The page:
Successive ancient empires and kingdoms ruled the region: the Achaemenid Persian empire around 543 BCE,[26] the Greek empire founded by Alexander the Great in 326 BCE and the Mauryan empire founded by Chandragupta Maurya and extended by Ashoka the Great, until 185 BCE.[27]

The Indo-Greek Kingdom founded by Demetrius of Bactria included Gandhara and Punjab from 184 BCE, and reached its greatest extent under Menander, establishing the Greco-Buddhist period with advances in trade and culture. The city of Taxila (Takshashila) became a major centre of learning in ancient times—the remains of the city, located to the west of Islamabad, are one of the country's major archaeological sites.[28] Taxila is considered to be amongst the earliest universities and centers of higher education in the world.[29][30][31][32][33]

Medieval age

The Rai Dynasty (c.489–632) of Sindh, at its zenith, ruled this region and the surrounding territories.[34] In 712 CE, the Arab general Muhammad bin Qasim conquered Sindh and Multan in southern Punjab.[35] The Pakistan government's official chronology states that "its foundation was laid" as a result of this conquest.[36] This Arab and Islamic victory would set the stage for several successive Muslim empires in South Asia, including the Ghaznavid Empire, the Ghorid Kingdom, the Delhi Sultanate and the Mughal Empire. During this period, Sufi missionaries played a pivotal role in converting a majority of the regional Buddhist and Hindu population to Islam.

British colony

The gradual decline of the Mughal Empire in the early eighteenth century provided opportunities for the Afghans, Balochis and Sikhs to exercise control over large areas until the British East India Company gained ascendancy over South Asia.[37] The Indian Rebellion of 1857, also known as the Sepoy Mutiny, was the region's last major armed struggle against the British Raj, and it laid the foundations for the largely non-violent freedom struggle led by the Indian National Congress in the twentieth century. In the 1920s and 1930s, a movement led by Congress leader Mahatma Gandhi engaged millions of protesters in mass campaigns of civil disobedience.[38]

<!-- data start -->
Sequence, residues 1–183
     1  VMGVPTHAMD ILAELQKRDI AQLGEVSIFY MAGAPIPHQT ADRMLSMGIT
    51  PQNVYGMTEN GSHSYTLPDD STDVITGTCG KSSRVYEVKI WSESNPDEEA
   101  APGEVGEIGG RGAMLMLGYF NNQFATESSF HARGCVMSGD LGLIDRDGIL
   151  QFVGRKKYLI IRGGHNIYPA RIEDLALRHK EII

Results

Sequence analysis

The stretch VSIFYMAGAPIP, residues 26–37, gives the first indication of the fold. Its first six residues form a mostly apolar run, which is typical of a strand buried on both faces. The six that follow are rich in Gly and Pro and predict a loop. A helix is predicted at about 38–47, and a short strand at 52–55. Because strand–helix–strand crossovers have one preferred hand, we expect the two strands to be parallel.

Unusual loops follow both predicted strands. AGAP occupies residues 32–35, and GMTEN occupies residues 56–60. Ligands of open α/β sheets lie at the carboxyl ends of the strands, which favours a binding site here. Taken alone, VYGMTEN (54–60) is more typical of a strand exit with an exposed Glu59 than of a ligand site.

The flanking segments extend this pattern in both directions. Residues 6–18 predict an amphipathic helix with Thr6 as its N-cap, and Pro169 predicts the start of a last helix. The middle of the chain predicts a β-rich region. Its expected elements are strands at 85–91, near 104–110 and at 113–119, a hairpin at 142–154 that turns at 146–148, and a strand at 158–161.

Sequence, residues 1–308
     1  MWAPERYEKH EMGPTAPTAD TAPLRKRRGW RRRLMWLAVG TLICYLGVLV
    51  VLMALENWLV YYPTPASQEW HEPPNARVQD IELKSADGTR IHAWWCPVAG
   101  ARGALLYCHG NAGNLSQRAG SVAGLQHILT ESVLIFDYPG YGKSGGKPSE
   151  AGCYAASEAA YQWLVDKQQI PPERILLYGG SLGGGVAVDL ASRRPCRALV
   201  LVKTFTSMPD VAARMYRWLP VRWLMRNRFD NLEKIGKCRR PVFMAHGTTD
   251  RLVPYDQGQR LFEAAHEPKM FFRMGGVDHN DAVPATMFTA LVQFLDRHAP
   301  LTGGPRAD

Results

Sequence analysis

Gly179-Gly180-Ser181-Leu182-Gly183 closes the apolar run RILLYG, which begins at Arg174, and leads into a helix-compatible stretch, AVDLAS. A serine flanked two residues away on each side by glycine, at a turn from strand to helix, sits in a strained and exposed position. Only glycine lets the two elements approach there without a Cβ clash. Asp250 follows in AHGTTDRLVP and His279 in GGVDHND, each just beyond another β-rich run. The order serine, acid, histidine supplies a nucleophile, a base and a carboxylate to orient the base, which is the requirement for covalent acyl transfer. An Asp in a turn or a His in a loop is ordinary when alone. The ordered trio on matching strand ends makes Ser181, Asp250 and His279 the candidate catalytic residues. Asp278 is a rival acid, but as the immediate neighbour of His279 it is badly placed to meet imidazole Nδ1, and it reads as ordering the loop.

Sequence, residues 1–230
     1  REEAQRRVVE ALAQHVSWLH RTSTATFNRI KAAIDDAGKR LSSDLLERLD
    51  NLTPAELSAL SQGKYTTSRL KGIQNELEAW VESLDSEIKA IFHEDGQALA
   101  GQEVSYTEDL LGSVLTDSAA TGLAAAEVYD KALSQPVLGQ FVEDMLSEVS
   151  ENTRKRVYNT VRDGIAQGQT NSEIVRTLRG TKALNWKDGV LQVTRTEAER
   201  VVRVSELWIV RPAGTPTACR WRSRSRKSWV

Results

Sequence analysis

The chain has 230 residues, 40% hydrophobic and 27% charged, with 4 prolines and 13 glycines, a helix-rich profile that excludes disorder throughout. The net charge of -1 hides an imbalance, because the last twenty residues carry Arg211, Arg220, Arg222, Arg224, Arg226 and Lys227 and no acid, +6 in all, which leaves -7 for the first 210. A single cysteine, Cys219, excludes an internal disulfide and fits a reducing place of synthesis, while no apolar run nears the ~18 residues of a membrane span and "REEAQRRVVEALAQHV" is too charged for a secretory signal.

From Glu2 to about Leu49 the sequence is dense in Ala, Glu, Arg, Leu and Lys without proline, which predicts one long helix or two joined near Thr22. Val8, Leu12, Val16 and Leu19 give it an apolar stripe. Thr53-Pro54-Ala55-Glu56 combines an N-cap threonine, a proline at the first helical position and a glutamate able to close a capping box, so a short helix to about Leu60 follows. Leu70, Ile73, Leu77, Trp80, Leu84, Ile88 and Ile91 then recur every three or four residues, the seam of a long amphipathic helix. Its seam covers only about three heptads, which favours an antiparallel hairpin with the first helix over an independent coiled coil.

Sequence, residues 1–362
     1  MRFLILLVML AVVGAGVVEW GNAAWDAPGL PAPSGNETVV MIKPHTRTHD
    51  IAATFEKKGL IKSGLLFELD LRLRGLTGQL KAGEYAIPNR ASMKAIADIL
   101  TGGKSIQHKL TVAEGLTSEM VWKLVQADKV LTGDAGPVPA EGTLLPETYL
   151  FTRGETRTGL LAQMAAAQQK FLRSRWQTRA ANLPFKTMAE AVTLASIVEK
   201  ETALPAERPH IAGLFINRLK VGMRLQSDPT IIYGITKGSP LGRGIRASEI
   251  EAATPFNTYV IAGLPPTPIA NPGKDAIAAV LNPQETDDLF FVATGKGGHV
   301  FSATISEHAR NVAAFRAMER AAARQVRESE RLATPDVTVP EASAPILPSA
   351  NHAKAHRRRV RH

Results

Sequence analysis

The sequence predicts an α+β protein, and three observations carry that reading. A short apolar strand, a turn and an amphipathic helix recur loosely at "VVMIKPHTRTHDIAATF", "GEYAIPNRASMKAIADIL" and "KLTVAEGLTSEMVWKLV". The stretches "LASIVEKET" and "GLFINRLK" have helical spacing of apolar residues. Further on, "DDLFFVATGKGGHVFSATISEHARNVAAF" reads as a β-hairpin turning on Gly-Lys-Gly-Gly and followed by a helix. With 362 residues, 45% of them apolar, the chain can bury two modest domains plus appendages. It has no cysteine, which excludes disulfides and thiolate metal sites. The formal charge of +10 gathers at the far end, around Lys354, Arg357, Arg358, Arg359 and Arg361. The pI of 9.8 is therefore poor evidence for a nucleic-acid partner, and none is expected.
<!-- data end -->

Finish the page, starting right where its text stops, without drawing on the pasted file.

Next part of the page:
Image of the seventeenth-century Badshahi Masjid
The 17th century Badshahi Masjid built during Mughal rule in Lahore

The All India Muslim League rose to popularity in the late 1930s amid fears of under-representation and neglect of Muslims in politics. On 29 December 1930, Allama Iqbal's presidential address called for an autonomous "state in northwestern India for Indian Muslims, within the body politic of India."[39] Quaid e Azam Muhammad Ali Jinnah espoused the Two Nation Theory and led the Muslim League to adopt the Lahore Resolution of 1940, popularly known as the Pakistan Resolution. In early 1947, Britain announced the decision to end its rule in India. In June 1947, the nationalist leaders of British India—including Jawaharlal Nehru and Abul Kalam Azad on behalf of the Congress, Jinnah representing the Muslim League, and Master Tara Singh representing the Sikhs—agreed to the proposed terms of transfer of power and independence.